Online reviews can make or break a business, and a bustling “review farm” industry has sprung up to write glowing recommendations for pay. You need only type “buy reviews” into Google to have your choice of vendors. Industry efforts to weed them out are ongoing: Amazon has a lawsuit underway against 1,114 Fiverr gig workers who offered to write fake reviews. TripAdvisor published a Review Transparency Report in 2019 which it plans to update biennially. The Federal Trade Commission also brought its first suit against a review farm last year.
A Pew Research Center study found that 40 percent of people “always” or “almost always” check online reviews before making new purchases, while 82 percent do so at least “sometimes.” Consider that against the Harvard Business School study that found that a one-star increase in a Yelp rating leads to a 5 to 9 percent increase in revenue. You can see why restaurants, hotels, bars and attractions are tempted to buy reviews.
Fortunately, there are tools and strategies savvy travelers can use to spot the phonies.
Star ratings aren’t a great indicator “What does a five-star review mean?” said Saoud Khalifah, the founder of Fakespot.com, a tech firm whose software helps identify rigged reviews. “If the food is five-star but the waiter is one-star, how do you score your review?”
There is some value in stars, though. The more reviews there are, the more likely it is that the star rating will have some validity. It’s much harder (and more expensive) to manipulate the star ratings when there are more reviewers. “If there are 10 to 20 reviews, I would be pretty skeptical of the star rating,” said Myles Anderson, the founder of BrightLocal, a marketing firm that helps companies manage their online reputations. “If it’s got 2,000 reviews, it’s much harder to influence,” he said.
Stars can also be used to winnow which reviews you need to read. For example, reviews that award between two and four stars are less likely to be screeds or fakes. A study by professors at Northwestern’s Kellogg School of Management and the MIT Sloan School of Management found that reviewers who provably bought a product were only half as likely to leave a one-star review as unverified buyers.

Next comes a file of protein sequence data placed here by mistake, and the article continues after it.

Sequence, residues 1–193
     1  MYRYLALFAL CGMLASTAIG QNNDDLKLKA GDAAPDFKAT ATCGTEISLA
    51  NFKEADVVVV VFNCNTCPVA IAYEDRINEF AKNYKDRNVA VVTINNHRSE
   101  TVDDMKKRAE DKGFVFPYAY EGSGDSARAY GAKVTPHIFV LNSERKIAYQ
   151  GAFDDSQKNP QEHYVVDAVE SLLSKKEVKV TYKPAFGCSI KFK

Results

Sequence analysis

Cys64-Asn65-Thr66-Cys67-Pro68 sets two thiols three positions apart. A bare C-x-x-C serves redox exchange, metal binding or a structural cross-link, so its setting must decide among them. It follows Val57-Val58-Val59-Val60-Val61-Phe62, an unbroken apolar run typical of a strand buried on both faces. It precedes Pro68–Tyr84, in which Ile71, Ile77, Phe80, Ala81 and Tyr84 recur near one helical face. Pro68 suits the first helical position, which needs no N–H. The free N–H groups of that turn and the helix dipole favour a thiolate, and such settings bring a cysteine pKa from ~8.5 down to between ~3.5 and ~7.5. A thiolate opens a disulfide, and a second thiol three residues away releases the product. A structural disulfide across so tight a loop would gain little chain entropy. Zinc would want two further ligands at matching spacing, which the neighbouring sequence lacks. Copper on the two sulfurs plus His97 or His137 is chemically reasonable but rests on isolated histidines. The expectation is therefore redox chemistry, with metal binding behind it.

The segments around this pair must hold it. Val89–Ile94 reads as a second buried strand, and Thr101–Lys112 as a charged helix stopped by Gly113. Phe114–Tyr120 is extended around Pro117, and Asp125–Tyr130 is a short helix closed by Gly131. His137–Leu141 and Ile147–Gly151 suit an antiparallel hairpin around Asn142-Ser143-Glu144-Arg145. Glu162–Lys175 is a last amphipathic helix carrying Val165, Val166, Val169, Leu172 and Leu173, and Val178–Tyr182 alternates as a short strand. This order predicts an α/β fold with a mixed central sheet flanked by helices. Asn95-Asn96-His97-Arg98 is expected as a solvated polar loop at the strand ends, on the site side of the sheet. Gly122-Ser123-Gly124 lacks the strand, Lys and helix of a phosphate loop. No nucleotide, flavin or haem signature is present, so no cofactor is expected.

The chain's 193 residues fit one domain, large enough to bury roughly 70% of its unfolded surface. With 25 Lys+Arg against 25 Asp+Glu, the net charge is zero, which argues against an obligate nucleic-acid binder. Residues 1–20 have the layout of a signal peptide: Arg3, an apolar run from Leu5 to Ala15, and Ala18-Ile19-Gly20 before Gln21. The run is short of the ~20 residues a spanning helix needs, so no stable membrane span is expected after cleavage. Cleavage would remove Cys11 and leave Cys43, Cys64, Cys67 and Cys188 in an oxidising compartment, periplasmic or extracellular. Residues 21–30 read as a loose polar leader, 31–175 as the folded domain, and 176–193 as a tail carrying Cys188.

“Look for the middle of the pack,” said Andy Beal, CEO of Reputation Refinery, a reputation consulting firm. “I tend not to focus on the one- and five-star reviews. Competitors with ill intentions are going to leave one star. If it’s a friend or an affiliate, they are going to leave a five-star.”
If the site breaks out the quantity of ratings behind each star, as Amazon does, look for a pattern. Are there many more threes than fours?
Also look for patterns in the details of reviews. Are there numerous complaints about thin walls and lumpy beds? “There is no smoke without fire,” Anderson said.
Details provide a clue to authenticity Studies by a team at Cornell University found that truthful reviews use words specific to a hotel experience, like “price” and “check-in.” Fake ones use more generic words like “vacation,” “family” and “experience” accompanied by a lot of commas and exclamation marks. Fake reviews are also likely to include more superfluous scene-setting, as in, “My husband surprised me with a lovely anniversary weekend trip . . . ”
You should also be suspicious, Khalifah said, “if reviews are all 100 percent, and they are all one line long — that’s not how anyone writes reviews.”
In fact, uniformly high ratings alone might be a red flag. “We all know nothing is ever picture perfect,” Khalifah said.
Hired reviewers cut corners That gives you an advantage. “They are often pretty lazy about the reviews they write,” Anderson said. Look for “limited text, or identical reviews on two or three sites.” Anderson suggests that you cut and paste a segment of a review into Google it to see if it shows up elsewhere.